Bernard Cecil Blake1

#36141, b. September 1882, d. 9 April 1918

The area that touches the north side of the road is a war cemetery. Whilst I have not proof, the roads to the north of this look very much like that Tuning Fork mentioned as the location of the battery

Individual's Timeline

Birth RegSeptember 1882Bernard Cecil Blake1
Death9 April 1918Bernard Cecil Blake
Probate18 May 1918Bernard Cecil Blake

Primary events

  • Birth Reg: Bernard's birth was registered in the quarter ended in September 1882 in the Alverstoke, Gosport registration district.1
  • Death: Bernard died on 9 April 1918 in No 1 Casualty Clearing Station, France, On active duty with "A" Battery, 275th Brigade, Royal Field Artillery. (Aged 35 years and 7 months, worked back from recorded birth date).
  • Probate: His estate was probated on 18 May 1918. Executor was Thomas Henry Field LAPTHORN, Solicitor, His effects were valued at £176.
  • Burial: He was buried in 1918 in France and Flanders His memorial is - VI. A. 1., CHOCQUES MILITARY CEMETERY.

Secondary circumstances

  • Occupation: Bernard was was described by his father as an author and clerk in 1911, and as a journalist in 1901. His bio has him as 1883-1918. Trawling the net has produced this list of books he has written:
    * Blake, Bernard Cecil. AT THE CHANGE OF THE MOON. Ln: Greening, 1902. Chain of eight tales. "Further North than Abruzzi" regards a giant Arctic race.
    * BOOKS037889I: BLAKE, BERNARD CECIL - The peculiar history of Mary Ann Susan published 1903.
  • Milit-rank: He held the rank of Lieutenant in the Royal Field Artilliary.
  • Residence: In circa 1918 Bernard Cecil lived in Languard House, Alverstoke, Hampshire, England.

Census details

Some aspects of Bernard Cecil Blake's life. The story of his unit on or about the day he died - His unit was with 55 (West Lancs) Division, which was fighting the Battle of Estaires and the Defence of Givenchy at the same time. The War Diary of the 1st West Lancashire Brigade, RFA indicates that on 9 April 1918 'A' Battery, 275th Brigade was at 'Tuning Fork' on the south side of the road where Rout A intersects the road from Gorre to Festubert. The book has a map of the battery positions on page 111, a sketch of a 'Battery Position on Tuning Fork, Spring 1918' and a 10-page discussion of the events of 'The Ninth of April' but while the description mentions numbers officers being wounded and/or killed it does not mention Lieut. Blake. The "Tuning Fork" is west of Festubert and is named after the shape of roads in the area - there is a single road coming up from Gorre, which then splits into two long parallel roads heading toward the Festubert-Givenchy front. There were several artillery batteries there at the start of 9 April. In thick fog in the early hours, a huge force of enemy artillery opened up a deep bombardment in the area. It was the commencement of "Operation Georgette". The bombardment was initially aimed squarely at destroying and neutralising the British guns, communications and command of this sector. Relatively little fire fell on the front line and advanced posts at first. The Tuning Fork-Gorre area was absolutely hammered by high explosive and much gas.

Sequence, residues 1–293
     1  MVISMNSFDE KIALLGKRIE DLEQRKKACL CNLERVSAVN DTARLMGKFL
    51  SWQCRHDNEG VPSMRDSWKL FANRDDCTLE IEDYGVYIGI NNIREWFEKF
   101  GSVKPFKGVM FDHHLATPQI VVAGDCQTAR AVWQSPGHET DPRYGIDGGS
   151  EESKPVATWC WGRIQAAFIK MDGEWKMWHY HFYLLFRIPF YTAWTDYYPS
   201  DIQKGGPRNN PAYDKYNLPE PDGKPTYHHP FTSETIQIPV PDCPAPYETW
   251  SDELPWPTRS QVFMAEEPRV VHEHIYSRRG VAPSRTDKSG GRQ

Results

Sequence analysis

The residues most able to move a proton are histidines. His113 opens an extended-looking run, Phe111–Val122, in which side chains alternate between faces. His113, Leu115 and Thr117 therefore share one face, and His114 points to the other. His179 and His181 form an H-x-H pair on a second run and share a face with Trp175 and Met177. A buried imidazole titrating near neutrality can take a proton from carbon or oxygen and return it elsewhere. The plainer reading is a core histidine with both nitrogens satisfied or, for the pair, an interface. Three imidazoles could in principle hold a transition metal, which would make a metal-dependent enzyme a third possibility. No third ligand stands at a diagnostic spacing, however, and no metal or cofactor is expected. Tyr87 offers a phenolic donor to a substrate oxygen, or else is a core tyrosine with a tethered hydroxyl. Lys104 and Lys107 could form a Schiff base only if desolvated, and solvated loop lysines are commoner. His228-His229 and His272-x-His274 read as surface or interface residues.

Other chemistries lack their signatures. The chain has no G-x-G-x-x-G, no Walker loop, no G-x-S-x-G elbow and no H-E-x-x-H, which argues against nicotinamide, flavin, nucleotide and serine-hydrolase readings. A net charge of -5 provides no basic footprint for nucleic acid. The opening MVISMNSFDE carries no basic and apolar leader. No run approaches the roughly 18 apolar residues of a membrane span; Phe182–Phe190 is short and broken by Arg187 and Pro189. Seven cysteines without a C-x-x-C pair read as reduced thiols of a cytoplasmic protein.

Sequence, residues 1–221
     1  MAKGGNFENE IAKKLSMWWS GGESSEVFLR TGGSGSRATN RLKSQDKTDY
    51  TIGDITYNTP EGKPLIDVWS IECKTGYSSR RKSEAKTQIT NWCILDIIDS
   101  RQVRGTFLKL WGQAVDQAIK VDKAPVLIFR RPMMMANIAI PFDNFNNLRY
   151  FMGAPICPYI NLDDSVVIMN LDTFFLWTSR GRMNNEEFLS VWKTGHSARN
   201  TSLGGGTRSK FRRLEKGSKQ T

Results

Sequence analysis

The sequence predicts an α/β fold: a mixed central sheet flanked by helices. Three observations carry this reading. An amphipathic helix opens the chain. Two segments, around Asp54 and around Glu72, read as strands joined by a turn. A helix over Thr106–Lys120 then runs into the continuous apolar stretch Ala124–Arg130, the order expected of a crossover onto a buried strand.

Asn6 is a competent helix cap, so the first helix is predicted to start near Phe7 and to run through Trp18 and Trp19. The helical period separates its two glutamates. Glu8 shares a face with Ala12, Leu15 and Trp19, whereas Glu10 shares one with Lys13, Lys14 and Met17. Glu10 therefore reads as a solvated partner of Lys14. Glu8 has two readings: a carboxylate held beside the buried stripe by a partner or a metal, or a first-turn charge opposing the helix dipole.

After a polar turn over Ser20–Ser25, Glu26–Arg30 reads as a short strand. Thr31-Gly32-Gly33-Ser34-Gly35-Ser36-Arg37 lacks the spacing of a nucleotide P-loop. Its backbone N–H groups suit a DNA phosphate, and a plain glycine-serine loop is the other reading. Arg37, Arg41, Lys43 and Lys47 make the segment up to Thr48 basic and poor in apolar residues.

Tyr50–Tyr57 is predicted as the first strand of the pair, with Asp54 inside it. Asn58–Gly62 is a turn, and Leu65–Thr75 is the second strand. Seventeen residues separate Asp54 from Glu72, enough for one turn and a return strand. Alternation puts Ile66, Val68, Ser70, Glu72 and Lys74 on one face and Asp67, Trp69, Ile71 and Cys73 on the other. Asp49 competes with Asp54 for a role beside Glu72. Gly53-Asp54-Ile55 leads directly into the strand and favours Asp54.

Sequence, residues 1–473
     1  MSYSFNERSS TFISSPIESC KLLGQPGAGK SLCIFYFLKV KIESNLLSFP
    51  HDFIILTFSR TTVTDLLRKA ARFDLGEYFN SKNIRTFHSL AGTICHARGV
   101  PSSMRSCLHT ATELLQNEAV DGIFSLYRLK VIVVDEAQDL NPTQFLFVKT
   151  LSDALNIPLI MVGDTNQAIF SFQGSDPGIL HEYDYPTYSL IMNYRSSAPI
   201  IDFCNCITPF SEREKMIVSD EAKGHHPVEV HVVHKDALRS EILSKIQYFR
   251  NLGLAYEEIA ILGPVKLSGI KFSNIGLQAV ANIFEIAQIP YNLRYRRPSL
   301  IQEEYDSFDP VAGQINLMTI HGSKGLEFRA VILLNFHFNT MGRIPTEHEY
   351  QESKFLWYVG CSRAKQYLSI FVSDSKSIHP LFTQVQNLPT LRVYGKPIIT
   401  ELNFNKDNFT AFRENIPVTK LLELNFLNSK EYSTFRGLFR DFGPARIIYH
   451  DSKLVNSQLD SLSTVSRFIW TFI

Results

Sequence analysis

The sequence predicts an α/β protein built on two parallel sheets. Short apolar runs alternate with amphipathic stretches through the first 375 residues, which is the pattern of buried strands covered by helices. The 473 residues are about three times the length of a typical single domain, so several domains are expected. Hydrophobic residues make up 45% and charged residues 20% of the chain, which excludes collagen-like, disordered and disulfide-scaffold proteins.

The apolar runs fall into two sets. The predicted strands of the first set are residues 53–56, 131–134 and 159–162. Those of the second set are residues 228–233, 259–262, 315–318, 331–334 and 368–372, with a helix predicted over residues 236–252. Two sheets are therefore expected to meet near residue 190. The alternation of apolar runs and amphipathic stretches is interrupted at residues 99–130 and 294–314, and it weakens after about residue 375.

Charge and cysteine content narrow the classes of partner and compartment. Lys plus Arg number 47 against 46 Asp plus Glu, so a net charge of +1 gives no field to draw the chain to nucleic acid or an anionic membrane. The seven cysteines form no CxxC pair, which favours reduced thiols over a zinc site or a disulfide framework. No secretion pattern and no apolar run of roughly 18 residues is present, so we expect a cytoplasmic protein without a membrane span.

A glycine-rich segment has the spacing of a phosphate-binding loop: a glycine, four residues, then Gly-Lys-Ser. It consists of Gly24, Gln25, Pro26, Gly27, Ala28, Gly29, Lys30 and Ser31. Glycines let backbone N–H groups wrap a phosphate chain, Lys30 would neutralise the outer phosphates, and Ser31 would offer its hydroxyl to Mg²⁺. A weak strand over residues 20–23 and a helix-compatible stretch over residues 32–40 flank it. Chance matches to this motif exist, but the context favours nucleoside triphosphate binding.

Citations

  1. Free UK BDM index from 1837, online http://freebmd.rootsweb.com, Blake      Bernard Cecil            Alverstoke      2b     561.